Caution – It is possible that certain scenes in this post are shocking to an unwarned public. Or maybe not…
(There’s also spoilers)
Since I mentioned Off in the last post, I feel like this is a good time to talk about it, at least for a little bit. I unfortunately don’t have a lot of time, so let’s just get started!
Off is a weird, weird game. A French RPG, it’s the story of a baseball player, known simply as “the Batter”, on his quest to purify the world. While the actual gameplay isn’t too interesting to be perfectly honest, the game’s surreal and disturbing atmosphere, bizarre plot and character designs, and fantastic soundtrack make Off worth playing.
The Batter himself currently has the honor of being my favorite video game protagonist. (though Niko has recently shown to be a strong contender.) Here he is purifying some spectres in an early promotional comic drawn by the developer:
I think this comic does a decent job of showing who the Batter is. A stoic man who speaks as much as necessary, he takes every opportunity he can to eliminate the spectres that terrorize the world’s inhabitants. No amount of demons or bedsheet ghosts will stop him from cleansing the world of evil with his holy baseball bat. In other words, he’s like a ghostbuster that plays baseball.
(The weird masked man with the heart shirt is Zacharie, the fan favorite fourth wall-breaking merchant. I’m not sure what he’s even doing here, actually.)
However, this comic only shows who the Batter is on the surface. As the game progresses, it’s slowly revealed that his intentions are not as noble as they seem. The depths of the Batter’s personality can be properly explored through interactions with another character: the ever-smiling cat known as the Judge.
The Judge is the first character that the Batter encounters, and decides to assist with what the Batter calls his “sacred mission”. In direct contrast to the Batter’s simple, straightforward speech, the Judge is absurdly eloquent, and frequently describes clear and obvious concepts in a needlessly complex manner. For example, here he is basically saying “level up so you can win fights”. With the Judge’s support and guidance, the Batter makes it through Zone 1 and defeats its reviled Guardian Dedan, purifying it.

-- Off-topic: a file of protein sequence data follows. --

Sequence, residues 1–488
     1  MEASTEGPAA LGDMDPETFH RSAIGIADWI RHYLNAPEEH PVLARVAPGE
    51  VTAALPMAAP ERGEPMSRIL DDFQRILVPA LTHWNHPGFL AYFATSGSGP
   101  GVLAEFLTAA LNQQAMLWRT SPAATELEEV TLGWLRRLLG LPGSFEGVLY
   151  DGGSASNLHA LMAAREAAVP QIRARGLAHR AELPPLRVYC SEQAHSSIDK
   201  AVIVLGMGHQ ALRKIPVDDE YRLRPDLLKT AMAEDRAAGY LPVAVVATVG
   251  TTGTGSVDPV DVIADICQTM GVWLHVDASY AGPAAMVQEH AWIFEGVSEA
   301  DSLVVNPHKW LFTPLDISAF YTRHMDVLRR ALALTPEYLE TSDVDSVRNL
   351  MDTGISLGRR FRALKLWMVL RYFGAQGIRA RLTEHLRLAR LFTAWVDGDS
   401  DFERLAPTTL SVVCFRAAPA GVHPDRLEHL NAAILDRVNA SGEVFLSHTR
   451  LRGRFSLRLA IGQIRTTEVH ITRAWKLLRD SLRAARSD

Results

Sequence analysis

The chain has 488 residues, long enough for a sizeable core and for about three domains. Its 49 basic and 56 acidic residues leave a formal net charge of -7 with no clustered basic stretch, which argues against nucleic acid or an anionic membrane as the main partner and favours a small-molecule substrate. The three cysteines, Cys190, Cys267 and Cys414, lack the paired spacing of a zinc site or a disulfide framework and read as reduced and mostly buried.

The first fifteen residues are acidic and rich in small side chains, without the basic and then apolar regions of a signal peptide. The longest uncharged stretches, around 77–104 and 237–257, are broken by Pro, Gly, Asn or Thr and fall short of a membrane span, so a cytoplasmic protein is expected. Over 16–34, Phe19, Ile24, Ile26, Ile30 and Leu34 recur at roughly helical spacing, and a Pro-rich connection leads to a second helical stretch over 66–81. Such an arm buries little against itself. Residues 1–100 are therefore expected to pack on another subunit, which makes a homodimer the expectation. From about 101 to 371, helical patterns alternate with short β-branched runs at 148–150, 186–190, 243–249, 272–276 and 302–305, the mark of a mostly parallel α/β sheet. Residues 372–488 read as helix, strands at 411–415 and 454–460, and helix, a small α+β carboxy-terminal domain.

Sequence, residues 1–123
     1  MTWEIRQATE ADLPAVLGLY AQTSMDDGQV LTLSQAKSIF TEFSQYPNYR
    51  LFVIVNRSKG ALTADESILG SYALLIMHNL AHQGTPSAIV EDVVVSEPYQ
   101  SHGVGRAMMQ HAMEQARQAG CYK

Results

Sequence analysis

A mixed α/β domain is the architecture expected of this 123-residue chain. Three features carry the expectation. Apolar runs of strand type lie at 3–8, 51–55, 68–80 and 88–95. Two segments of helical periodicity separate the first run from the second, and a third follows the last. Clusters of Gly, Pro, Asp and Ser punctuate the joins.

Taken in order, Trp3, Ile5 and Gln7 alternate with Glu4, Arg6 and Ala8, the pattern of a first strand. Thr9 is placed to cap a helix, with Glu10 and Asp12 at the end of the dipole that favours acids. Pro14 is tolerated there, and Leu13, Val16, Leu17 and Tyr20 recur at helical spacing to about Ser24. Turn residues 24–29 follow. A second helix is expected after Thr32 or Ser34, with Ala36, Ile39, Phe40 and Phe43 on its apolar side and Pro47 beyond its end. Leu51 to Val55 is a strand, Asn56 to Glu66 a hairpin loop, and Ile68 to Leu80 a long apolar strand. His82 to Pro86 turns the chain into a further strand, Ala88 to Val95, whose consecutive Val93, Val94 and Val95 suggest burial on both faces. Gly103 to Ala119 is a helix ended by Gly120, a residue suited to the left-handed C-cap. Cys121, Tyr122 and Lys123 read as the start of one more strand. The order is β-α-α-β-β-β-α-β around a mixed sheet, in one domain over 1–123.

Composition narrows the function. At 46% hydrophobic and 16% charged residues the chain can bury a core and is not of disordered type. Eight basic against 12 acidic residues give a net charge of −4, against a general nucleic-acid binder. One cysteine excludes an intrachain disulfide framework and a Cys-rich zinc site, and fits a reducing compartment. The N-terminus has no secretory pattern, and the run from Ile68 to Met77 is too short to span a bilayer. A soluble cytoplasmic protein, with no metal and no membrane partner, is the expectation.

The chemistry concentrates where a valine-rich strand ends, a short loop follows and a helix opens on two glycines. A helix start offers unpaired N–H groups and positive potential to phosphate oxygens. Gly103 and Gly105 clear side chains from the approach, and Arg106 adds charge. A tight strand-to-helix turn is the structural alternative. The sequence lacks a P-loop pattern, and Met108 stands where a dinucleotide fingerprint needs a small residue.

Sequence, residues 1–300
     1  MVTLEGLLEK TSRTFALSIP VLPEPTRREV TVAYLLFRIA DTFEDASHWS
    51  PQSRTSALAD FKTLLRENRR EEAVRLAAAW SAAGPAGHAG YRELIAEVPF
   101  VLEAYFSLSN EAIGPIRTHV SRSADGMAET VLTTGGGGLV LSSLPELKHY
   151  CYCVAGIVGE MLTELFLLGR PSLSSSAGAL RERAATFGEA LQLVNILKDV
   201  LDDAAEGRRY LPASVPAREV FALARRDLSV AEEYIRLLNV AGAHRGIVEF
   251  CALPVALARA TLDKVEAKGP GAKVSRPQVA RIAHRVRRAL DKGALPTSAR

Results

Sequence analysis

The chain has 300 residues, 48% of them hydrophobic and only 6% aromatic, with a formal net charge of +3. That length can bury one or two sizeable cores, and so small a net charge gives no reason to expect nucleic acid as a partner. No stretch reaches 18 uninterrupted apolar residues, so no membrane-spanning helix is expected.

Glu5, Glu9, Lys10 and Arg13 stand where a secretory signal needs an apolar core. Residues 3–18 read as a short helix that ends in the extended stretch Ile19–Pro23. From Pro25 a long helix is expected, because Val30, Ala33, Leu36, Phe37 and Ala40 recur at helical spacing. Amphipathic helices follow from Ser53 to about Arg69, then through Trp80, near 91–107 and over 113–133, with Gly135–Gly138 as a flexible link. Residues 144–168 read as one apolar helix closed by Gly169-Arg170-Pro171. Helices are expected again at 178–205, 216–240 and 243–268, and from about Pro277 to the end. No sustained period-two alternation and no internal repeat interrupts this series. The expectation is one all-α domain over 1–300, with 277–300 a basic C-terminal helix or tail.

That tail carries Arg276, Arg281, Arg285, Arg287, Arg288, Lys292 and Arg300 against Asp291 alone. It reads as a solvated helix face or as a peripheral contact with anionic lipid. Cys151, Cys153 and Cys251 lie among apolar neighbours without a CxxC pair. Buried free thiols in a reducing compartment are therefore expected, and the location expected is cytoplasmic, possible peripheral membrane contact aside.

It’s in Zone 2 where the Batter’s intentions begin to be called into question. The Judge tells the player that he has a brother, named Valerie, who went mad and started calling himself Japhet, the Guardian of Zone 2. Once they reach the top of the Great Library where Valerie resides, the Judge tries to persuade him to come home with him to Zone 0. However, it’s revealed that Valerie had eaten Japhet, and because he was “too nice to chew through a little bird”, he became controlled from the inside. For the first time in the game, the Judge is speechless. What does the Batter think about this bizarre turn of events?
He literally says “whatever” before mercilessly slaying the beast. Even though Valerie is most likely already dead at this point, he makes no attempt to rescue him, or offer any kind of sympathy for the Judge. He just does his job and “purifies” the Guardian like usual. Unlike Dedan, who was designed solely so that the player would want to kill him, Japhet’s fight seems much less justified. This moment really emphasizes that “purification” is the only thing that the Batter cares about. He’s not defeating the spectres out of any desire for heroism, but because eliminating them aligns with his own mysterious agenda.
The particularly interesting thing about this twist is that the Batter never actually lied about his mission. Because he says so little, it’s never brought up exactly what he’s doing or why. The player just assumes that since he’s the protagonist, the Batter must be doing the right thing.
In reality, whenever the Batter purifies a Zone by defeating its Guardian, he’s actually cleansing it of all life. The Zones become a silent, desolate landscape devoid of color. The only inhabitants are the Secretaries, unsettling baby-like abominations that screech math terms at you. (I’m not kidding. Their attacks are named stuff like “Natural Logarithm” and “Oblique Asymptote”.) And for some reason that is never directly stated in the game, this is likely the world the Batter wants to create.
If the player decides to return to one of these charming places after killing Japhet, they can find the Judge at the top of the Great Library:
Although I could go on and explain what happens in Zone 3, where the game really descends into madness, I’m going to put OFF this discussion for a later date. Until then!
(Photo Credits: uboachan.net, forum.starmen.net, pathofpins.wordpress.com, offgame.wikia.com)